The response to the virus has added a new mechanism of capital consumption to the many we have documented over the years. Businesses are shut down, yet they continue to incur expenses. There is a popular misconception out there that this is merely a paper loss. One can almost picture a neutron bomb that somehow wipes out only paper, leaving all the physical assets and plant unscathed. It’s a pleasant fantasy. And it’s quite a popular one—not only amongst all the usual suspects, but even an Austrian school economist of our acquaintance asserted it. As an aside, this illustrates that, too often, economists are unfamiliar with business. The economist looks at a closed restaurant and thinks there’s no reason why this restaurant can’t be mothballed for a day, a week,
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The response to the virus has added a new mechanism of capital consumption to the many we have documented over the years. Businesses are shut down, yet they continue to incur expenses. There is a popular misconception out there that this is merely a paper loss. One can almost picture a neutron bomb that somehow wipes out only paper, leaving all the physical assets and plant unscathed. It’s a pleasant fantasy. And it’s quite a popular one—not only amongst all the usual suspects, but even an Austrian school economist of our acquaintance asserted it.
As an aside, this illustrates that, too often, economists are unfamiliar with business. The economist looks at a closed restaurant and thinks there’s no reason why this restaurant can’t be mothballed for a day, a week, a month, or a year. The owner of the restaurant would object that he’s still paying certain expenses, even if he’s laid off all of his staff. And the economist retorts, “That’s just paper!”
The economist—and politicians—are tempted to think that the government and its central bank can restore the lost paper capital by extending a loan, or even doling out free money. This is simply not true.
One thing should be bloody clear: whatever expenses this restaurant pays, is a transfer of real resources from the restaurant to the recipients. Those recipients are buying food, fuel, clothing, shelter, etc. It’s not just paper.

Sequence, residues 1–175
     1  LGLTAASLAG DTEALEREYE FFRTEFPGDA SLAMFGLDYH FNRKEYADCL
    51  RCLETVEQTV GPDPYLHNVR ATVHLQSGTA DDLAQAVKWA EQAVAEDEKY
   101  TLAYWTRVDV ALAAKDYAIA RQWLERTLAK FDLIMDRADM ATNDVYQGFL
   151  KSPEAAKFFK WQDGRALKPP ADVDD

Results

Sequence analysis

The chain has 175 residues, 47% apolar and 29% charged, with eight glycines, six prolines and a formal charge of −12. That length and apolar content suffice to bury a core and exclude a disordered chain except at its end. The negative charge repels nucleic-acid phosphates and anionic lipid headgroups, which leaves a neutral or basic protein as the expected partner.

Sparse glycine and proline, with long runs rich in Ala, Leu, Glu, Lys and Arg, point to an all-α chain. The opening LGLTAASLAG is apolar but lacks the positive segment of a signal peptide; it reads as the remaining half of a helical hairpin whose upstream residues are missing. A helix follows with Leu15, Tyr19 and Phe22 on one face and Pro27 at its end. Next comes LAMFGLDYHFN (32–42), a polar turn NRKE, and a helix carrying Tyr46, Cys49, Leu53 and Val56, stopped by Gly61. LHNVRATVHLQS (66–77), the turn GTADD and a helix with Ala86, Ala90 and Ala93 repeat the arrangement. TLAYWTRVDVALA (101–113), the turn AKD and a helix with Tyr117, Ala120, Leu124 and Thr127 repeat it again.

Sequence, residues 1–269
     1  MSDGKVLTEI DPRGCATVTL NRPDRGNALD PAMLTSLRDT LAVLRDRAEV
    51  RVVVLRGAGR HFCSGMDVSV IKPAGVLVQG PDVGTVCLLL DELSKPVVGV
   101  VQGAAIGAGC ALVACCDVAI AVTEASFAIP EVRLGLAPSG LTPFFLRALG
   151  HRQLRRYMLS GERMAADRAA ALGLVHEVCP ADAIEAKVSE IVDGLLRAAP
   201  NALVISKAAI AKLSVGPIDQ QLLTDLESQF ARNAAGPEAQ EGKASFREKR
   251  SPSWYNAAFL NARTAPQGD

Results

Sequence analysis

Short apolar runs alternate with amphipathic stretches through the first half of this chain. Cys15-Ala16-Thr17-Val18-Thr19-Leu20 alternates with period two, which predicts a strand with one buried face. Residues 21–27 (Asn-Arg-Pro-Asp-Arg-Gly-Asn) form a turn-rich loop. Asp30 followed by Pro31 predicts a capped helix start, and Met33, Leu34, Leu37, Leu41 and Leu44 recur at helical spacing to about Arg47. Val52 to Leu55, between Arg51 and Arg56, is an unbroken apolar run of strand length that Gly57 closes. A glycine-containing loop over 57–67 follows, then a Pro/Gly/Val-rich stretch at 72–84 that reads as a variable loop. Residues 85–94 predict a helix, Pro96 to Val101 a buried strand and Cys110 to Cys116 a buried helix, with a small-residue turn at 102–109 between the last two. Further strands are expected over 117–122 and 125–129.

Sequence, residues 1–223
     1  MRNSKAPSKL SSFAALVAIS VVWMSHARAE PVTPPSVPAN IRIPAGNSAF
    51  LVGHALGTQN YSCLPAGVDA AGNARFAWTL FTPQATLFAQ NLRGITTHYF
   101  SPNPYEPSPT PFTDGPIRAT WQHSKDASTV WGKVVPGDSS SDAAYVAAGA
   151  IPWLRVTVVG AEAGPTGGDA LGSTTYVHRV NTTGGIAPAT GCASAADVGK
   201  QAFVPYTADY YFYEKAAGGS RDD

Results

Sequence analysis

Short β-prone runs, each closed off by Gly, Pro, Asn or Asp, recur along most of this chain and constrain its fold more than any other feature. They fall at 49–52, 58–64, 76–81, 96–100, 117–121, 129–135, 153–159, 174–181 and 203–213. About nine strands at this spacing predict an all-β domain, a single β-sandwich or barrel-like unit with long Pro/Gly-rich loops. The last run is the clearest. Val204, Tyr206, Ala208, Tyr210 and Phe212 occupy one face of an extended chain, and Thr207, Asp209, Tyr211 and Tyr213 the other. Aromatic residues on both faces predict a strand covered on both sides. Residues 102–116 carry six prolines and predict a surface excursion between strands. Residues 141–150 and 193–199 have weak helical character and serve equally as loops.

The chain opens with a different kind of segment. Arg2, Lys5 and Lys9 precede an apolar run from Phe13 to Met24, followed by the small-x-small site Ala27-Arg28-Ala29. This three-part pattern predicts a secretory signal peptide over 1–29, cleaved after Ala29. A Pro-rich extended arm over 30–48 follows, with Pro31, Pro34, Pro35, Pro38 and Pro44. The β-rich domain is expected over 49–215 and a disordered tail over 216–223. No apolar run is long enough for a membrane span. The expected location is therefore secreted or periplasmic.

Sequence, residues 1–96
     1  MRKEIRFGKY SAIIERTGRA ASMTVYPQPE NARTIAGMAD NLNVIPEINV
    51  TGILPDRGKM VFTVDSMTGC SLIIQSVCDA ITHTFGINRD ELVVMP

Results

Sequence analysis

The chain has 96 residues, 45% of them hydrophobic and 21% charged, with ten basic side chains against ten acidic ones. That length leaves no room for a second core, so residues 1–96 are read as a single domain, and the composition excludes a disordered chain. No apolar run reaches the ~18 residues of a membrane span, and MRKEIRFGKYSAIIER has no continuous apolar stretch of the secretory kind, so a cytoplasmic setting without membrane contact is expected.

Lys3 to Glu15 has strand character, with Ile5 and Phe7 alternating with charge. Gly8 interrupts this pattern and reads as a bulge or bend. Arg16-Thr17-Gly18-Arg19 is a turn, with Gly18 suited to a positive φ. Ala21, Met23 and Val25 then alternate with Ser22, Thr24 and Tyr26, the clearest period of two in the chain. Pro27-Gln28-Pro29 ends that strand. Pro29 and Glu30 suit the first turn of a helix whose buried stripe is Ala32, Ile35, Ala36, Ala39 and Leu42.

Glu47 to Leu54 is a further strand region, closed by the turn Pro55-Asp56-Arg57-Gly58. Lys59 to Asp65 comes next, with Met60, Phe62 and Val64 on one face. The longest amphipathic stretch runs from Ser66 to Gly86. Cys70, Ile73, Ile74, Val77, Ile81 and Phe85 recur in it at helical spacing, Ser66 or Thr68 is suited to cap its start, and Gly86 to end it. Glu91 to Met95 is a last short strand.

Looking deeper into the restaurant, we see that, even when it’s closed, it’s still burning some electricity (even if not as much as when it’s operating). There’s insurance premiums. And building maintenance. Over time, exposure to sun, wind, rain, and snow damages the roof, windows, and even the walls. In extremes of summer and winter, even unoccupied buildings must run the air conditioning and heating. So, it’s burning still more electricity and gas. Plus, these mechanical systems wear out and must be maintained and replaced. The hardscape, such as parking lot and sidewalks, also must be maintained. And, even the landscape.
The above assumes that all the employees are furloughed or laid off (otherwise, there would be much bigger expenses for payroll). But this leads to another form of capital destruction. Hiring a team takes time and money. Training a team takes time and money. To see this, think of what you would need to do to open a restaurant. For how much time would you be paying rent while you searched for a chef and general manager? Once you put them on your payroll, how much time would they need to find the rest of the staff and teach them to work as a team? Keep in mind that on opening day the food has to be good, delivered quickly, and served with grace. Diners do not give bad restaurants a second chance.
There is real capital invested in a functional team. If the people leave, then this investment is wiped out.